Author/s:

Lázár, A.
Abedin, M.
Adams, H.
Clarke, D.
Dilruba Begum, Moslehuddin, A.
Payo, A.
Razzaque, A.
Saleh, A.
Streatfield, P.
Szabo, S.
Zoe Matthews / University of Southampton,

Publisher:

Royal Society of Chemistry

Year of Publication:

2019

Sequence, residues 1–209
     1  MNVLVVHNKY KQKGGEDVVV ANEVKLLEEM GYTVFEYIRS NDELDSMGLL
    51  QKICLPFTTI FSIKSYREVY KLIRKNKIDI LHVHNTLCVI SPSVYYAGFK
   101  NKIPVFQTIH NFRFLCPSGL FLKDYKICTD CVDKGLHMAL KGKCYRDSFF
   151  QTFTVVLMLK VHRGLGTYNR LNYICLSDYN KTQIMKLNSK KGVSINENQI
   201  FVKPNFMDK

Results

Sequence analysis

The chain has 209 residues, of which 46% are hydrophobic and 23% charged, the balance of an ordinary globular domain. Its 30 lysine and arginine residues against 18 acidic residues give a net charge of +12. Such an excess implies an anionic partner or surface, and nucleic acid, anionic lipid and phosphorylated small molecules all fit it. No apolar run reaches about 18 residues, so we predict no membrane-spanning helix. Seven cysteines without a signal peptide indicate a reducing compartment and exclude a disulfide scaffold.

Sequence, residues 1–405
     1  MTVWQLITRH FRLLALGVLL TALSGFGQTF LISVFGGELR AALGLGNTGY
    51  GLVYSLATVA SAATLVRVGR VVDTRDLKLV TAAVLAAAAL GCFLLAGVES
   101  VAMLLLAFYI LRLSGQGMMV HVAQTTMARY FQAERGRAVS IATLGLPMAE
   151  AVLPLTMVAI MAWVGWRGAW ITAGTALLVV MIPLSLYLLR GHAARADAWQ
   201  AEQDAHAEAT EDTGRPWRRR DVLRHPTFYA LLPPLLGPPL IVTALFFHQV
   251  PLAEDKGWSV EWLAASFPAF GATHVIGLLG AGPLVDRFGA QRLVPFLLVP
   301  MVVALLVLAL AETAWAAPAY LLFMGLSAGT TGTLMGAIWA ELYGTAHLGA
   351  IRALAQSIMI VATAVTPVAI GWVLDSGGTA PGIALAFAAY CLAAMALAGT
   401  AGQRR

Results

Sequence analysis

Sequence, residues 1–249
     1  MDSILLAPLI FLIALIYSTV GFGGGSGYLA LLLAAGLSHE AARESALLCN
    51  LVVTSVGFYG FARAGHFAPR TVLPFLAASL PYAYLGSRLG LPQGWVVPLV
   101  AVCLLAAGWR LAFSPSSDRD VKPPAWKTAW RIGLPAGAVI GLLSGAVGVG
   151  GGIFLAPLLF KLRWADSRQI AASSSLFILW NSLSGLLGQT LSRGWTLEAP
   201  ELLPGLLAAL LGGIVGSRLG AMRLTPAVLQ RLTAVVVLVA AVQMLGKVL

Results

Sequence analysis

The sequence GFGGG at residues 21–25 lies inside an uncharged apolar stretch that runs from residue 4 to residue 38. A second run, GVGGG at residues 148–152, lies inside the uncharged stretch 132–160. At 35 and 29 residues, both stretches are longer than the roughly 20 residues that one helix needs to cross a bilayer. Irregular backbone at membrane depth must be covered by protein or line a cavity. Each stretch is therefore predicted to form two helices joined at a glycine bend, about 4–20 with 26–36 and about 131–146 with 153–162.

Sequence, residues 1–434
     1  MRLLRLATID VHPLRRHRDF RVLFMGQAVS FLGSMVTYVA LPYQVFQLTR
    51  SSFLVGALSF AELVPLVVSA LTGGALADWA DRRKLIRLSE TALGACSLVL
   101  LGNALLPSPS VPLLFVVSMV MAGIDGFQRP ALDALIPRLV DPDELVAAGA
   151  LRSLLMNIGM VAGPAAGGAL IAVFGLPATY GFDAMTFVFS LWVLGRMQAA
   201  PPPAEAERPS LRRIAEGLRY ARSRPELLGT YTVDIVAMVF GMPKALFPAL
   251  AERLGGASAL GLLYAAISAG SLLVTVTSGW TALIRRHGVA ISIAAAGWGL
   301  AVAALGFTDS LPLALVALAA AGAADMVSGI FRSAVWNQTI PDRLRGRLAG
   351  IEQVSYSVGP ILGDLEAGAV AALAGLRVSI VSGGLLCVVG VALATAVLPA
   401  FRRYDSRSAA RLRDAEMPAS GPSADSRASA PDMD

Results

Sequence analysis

Coastal Bangladesh experiences significant poverty and hazards today and is highly vulnerable to climate and environmental change over the coming decades. Coastal stakeholders are demanding information to assist in the decision making processes, including simulation models to explore how different interventions, under different plausible future socio-economic and environmental scenarios, could alleviate environmental risks and promote development. Many existing simulation models neglect the complex interdependencies between the socio-economic and environmental system of coastal Bangladesh. Here an integrated approach has been proposed to develop a simulation model to support agriculture and poverty-based analysis and decision-making in coastal Bangladesh. In particular, we show how a simulation model of farmer’s livelihoods at the household level can be achieved. An extended version of the FAO’s CROPWAT agriculture model has been integrated with a downscaled regional demography model to simulate net agriculture profit. This is used together with a household income–expenses balance and a loans logical tree to simulate the evolution of food security indicators and poverty levels. Modelling identifies salinity and temperature stress as limiting factors to crop productivity and fertilisation due to atmospheric carbon dioxide concentrations as a reinforcing factor. The crop simulation results compare well with expected outcomes but also reveal some unexpected behaviours. For example, under current model assumptions, temperature is more important than salinity for crop production. The agriculture-based livelihood and poverty simulations highlight the critical significance of debt through informal and formal loans set at such levels as to persistently undermine the well-being of agriculture-dependent households. Simulations also indicate that progressive approaches to agriculture (i.e. diversification) might not provide the clear economic benefit from the perspective of pricing due to greater susceptibility to climate vagaries. The livelihood and poverty results highlight the importance of the holistic consideration of the human–nature system and the careful selection of poverty indicators. Although the simulation model at this stage contains the minimum elements required to simulate the complexity of farmer livelihood interactions in coastal Bangladesh, the crop and socio-economic findings compare well with expected behaviours. The presented integrated model is the first step to develop a holistic, transferable analytic method and tool for coastal Bangladesh.


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